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Profiling JavaScript memory in the browser and on the server


Recently we were executing a memory usage analysis in my current (node.js) project. This article summarizes some of our findings, which may be useful to other projects. It does not describes the very basics of the mark-and-sweep garbage collection algorithm. Instead, it focuses on the details of the particular tools we used.

Chrome developer tools 

Chrome developer tools have great heap snapshot section, which can be used to analyze heaps of both browser and server (node.js) applications. It can be used to record JavaScript heap snapshots of a running process or to load existing snapshots, recorded by other tools. It is available already for several years and is extensively described on the Internet. Still, there are parts of this tool, which don’t have proper description and, overall, it may be a bit overwhelming in the beginning. So here is a very simple HTML document example, which may help in understanding Chrome heap snapshot views.

A script in this document simply creates an instance of an object, using constructor function and assigns it to global scope. If you click on “Action” and then “Set and clear” button to force browser do its initial compilation work, then record first heap snapshot, then click on “Action” button and then record second heap snapshot, you could see something similar to the picture below. Just select the second snapshot in the left menu, then select “Comparison” view and then select the first snapshot as comparison target in the dropdown, next to class filter input box.

Chrome developer tools / Profiles tab

Upper table shows the difference between two snapshots. All objects (either new or deleted in the second snapshot) are grouped by constructor function name (just as in Summary view).
First column (“Constructor”), is a tree view. On the first level you can see constructor function name (object instance grouping parameter). On the second level, you can see instances in the selected group (each instance has a unique id with “@” prefix). On the third level, you can see properties of the instances, then, on the lower level – properties of the corresponding objects and so on.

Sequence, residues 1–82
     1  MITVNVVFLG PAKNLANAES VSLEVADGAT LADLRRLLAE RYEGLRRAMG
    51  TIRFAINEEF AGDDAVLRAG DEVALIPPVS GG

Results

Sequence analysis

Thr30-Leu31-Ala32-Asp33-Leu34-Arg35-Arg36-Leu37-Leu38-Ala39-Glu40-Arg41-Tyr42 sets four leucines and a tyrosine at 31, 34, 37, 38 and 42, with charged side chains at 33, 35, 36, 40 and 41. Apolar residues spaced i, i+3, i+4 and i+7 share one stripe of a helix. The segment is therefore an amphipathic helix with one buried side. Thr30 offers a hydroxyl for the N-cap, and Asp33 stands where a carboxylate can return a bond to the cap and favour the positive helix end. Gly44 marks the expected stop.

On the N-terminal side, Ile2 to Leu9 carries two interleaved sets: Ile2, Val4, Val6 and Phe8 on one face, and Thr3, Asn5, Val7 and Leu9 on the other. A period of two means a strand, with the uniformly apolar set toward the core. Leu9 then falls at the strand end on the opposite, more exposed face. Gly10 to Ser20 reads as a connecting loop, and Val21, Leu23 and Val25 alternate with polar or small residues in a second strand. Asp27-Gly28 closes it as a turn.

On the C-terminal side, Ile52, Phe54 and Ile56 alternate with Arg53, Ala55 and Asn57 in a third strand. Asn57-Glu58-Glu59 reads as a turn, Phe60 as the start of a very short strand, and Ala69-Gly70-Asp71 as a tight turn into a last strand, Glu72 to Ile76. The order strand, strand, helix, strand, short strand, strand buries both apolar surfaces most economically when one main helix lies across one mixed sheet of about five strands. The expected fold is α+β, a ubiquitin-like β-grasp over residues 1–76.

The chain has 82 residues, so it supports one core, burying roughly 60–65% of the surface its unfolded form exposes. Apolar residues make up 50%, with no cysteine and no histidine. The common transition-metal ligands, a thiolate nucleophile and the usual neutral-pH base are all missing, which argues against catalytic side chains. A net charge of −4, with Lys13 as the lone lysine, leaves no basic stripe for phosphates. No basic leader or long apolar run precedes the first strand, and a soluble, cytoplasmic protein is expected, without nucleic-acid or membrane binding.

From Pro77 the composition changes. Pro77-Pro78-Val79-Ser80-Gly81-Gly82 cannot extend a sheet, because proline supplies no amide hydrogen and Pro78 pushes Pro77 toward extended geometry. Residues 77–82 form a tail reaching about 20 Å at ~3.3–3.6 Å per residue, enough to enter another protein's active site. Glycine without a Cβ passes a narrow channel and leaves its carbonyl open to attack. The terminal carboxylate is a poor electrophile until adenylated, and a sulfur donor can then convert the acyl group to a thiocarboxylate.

Further columns in the upper table describe difference in the number of instances and total size of each group (on the first level). On the second level, you can see whether a particular instance is new or has been deleted between the compared snapshots.

The lower (“Retainers”) table is also a tree view. On the first level, you can see list of paths from the selected instance to the root object, which causes this instance not to be marked as garbage by the garbage collector. The tree under each top level node describes the path to this root. In the picture above, you can see that instance of “MyClass” with ID “@115975” is “retained” through a property “myInst” on root object “Window”. Distance “1” means that this instance is directly referenced by a root object. It is interesting to see that there is also another, system retaining path for this instance (second top level record in the “Retainers” table). It is not directly visible to JavaScript, but it is shown in this view nonetheless.

Analyzing node.js heaps 

What is great about node.js is that not only you can build server-side using the same language (JavaScript, CoffeeScript, TypeScript, etc.) and libraries as you use for “browser-side”, but also that you can use the same tools to debug and analyze it.
There are a lot of articles, which describe how you can attach a debugger to a new or running node.js process and then either debug or record heap snapshots. What is slightly less known, is that you can actually programmatically record heap snapshots without the need to attach a debugger. That is very easy to do using “heapdump” NPM module (
For example, you can simply create a new route, which can be called any time and will create a new heap snapshot file on disk. It can even be used in production (if you closed it from unauthorized access, of course):

Using this heap dumping technique, we have very easily found that many of our processes store big unused “geoip” data files in RAM, since corresponding library loads them into memory non-lazily. Simply removing these files, greatly reduced memory consumption of our application.


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